Due to an insurance claim, I recently got given a large roll of canvas designed for solvent inkjet printing. I don’t have any brand information, but it is likely to be a cotton & polyester blend canvas with a coating applicable for inkjet printing on. A few other artists (second hand info, no contact details) are gesso’ing and using it for paintings and I am curious thoughts on if I should use it and possible archival quality.
My work isn’t what you would called top quality so I figure for now i should be right to use it, but wondering for future if I get a lot better if I should continue or not. I figure it would have to be just as good or better than the cheap (relative) cotton canvas they sell in local art stores?
I usually paint small on lose canvas at the moment as shipping is cheaper (really expensive shipping out of Australia though).
Would it make any difference longevity wise which side I paint on? One side is obviously coated with a relatively smooth surface while the other just looks like canvas. Any thoughts on what side I should paint (I will likely do 3 coats of gesso either way).
Thanks for your time.
This is a really cool question Craig!
I did some hunting around and it seems that a good number of artists are doing this (including painting on top of the prints created on this substrate)—although I didn’t find anyone really speaking about the proposed longevity of the material.
There’s even some “how-to”s on the subject:
I painted oils on top of a prepared brown paper when I was in art school but it was strictly for exercises and studies. I never intended to save or sell that work so I didn’t care.
Some forums mentioned artists like Corot and John Constable having surviving works on paper (in good shape!) but you’d have to research the exact materials to see how they might compare with the substrate you are considering.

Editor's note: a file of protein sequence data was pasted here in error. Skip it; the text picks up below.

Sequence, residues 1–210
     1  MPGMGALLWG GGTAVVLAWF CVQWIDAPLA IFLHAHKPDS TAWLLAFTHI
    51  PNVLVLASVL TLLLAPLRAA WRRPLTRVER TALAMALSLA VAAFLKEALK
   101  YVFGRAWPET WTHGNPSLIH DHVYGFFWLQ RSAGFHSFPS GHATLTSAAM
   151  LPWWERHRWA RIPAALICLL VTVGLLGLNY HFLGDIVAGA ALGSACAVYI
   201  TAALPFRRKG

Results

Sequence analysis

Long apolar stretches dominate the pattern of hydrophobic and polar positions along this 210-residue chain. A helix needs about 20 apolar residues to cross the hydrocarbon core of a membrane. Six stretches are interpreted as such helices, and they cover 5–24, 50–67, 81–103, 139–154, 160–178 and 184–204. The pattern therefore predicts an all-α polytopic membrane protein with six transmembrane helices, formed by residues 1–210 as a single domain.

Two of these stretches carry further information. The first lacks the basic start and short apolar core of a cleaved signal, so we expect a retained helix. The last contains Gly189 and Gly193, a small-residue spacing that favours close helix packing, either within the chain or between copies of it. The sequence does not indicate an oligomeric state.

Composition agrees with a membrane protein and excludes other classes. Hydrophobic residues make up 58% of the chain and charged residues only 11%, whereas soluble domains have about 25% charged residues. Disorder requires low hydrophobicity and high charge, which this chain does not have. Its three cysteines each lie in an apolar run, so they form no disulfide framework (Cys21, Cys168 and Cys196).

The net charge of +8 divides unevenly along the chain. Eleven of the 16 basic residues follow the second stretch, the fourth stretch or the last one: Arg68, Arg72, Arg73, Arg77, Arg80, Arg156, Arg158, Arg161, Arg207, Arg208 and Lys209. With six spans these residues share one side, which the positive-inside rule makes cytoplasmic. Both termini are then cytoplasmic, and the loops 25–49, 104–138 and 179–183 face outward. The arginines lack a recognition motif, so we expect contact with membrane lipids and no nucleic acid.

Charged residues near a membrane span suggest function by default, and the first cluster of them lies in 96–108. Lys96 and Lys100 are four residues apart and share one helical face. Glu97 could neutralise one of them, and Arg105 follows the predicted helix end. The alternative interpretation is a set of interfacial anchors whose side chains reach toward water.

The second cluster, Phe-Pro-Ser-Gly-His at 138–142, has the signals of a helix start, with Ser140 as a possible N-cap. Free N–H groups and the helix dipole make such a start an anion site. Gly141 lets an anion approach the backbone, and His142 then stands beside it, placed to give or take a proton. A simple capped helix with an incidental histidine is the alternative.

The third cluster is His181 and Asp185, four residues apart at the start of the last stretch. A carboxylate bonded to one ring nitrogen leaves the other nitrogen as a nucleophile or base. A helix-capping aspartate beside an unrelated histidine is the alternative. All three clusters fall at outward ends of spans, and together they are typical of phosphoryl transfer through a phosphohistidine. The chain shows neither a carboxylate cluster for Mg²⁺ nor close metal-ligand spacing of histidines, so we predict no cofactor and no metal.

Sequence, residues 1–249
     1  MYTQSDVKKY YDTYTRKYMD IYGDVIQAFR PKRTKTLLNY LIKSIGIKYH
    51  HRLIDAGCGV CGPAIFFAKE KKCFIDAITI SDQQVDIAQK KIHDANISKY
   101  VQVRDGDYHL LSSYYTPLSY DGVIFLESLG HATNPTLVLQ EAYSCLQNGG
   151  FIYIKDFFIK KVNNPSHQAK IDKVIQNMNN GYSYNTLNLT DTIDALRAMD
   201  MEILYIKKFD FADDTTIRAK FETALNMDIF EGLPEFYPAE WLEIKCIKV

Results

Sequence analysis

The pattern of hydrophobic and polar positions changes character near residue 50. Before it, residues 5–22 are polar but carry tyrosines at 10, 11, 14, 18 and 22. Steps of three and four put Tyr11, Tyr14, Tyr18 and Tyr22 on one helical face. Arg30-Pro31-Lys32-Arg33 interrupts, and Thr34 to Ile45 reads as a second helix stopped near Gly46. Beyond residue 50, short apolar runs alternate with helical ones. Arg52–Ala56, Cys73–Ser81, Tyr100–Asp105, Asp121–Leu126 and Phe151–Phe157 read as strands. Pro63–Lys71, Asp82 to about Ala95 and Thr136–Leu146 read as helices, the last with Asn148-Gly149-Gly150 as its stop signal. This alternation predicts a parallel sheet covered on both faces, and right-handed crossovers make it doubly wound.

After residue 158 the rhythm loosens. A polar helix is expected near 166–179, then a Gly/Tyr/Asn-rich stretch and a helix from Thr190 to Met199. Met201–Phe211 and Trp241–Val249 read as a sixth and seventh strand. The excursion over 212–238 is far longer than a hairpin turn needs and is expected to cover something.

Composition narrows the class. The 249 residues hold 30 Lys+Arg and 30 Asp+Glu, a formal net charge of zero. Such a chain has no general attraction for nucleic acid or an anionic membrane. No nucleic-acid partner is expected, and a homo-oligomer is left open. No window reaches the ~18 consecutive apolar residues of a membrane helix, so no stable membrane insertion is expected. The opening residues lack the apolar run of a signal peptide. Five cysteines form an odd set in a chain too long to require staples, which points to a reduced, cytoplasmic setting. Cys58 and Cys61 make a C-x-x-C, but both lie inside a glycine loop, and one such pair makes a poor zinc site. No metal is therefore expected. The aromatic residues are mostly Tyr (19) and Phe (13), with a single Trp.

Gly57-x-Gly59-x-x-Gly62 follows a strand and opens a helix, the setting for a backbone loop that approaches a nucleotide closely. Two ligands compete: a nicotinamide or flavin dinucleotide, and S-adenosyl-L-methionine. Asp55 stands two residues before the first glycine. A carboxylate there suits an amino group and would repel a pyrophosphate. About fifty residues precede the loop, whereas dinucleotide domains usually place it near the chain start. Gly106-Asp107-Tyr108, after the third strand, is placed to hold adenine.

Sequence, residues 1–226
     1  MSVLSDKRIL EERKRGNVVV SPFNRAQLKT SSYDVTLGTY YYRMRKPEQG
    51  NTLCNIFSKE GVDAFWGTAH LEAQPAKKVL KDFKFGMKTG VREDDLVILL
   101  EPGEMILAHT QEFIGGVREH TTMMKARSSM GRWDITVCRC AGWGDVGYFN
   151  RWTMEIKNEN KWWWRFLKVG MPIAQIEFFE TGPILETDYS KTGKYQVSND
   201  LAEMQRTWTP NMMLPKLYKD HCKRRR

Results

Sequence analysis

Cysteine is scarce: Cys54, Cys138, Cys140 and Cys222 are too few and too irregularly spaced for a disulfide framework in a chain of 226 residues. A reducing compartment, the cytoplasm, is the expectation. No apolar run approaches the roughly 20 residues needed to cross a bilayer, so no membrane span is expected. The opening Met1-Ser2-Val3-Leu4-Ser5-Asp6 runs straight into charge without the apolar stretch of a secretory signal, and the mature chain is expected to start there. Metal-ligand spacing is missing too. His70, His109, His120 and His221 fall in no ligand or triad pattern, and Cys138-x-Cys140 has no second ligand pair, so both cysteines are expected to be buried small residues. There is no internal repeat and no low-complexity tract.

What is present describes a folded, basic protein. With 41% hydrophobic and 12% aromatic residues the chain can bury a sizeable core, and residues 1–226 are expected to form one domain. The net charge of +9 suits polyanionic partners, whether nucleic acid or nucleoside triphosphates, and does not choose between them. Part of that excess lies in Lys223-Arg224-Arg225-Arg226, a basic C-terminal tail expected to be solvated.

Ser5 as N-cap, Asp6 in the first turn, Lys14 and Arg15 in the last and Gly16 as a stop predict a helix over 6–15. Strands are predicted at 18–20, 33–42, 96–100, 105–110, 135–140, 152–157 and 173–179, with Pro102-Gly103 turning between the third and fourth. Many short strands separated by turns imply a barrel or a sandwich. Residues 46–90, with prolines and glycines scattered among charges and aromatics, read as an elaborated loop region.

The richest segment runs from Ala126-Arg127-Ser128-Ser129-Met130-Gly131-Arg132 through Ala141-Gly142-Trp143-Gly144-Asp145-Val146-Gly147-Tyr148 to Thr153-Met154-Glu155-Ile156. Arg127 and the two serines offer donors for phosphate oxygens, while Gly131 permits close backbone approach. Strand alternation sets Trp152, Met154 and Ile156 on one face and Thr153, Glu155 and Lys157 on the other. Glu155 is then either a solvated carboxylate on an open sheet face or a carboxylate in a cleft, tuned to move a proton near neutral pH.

Artist Ben Sones shared this insight on George O’Hanlon’s Painting Best Practices forum: “There are oil paintings on paper dating back to the Renaissance that are still around (for example, this small painting by Van Eyck, in the Detroit Institute of Arts:
100% rag paper, made from linen or cotton, is essentially the same material as canvas, after all. It needs to be sized to protect it from acids in the paint. And pretty much every surviving example I’ve seen is mounted to a rigid support.” -Ben Sones
I wish I could offer more help, especially from experience, but my use of paper as a substrate is extremely limited and the exact material in question has a number of unknowns. If I come across anything more specific I will let you know. And please let us know if you uncover anything!
I plan to try and sell paintings very cheap while i am learning — if I can get back to painting that is, only 1 has sold so far — so not sure how much I need to worry about longevity if you’re selling something for under $100? Maybe i’ll just cross my fingers and use it anyway?
So really your just painting on a layer of gesso and it just needs a surface to sit on? That’s the way I am currently looking at it , though I guess if there are chemicals in the substrate that could eat into the painting it might be a problem.
If you were to use something like this (I have a whole 5’ roll), do you think there would be any difference between painting on the coated vs uncoated side (gesso’ed of course)? I assume not and just pick preferred texture?
Thanks for your time.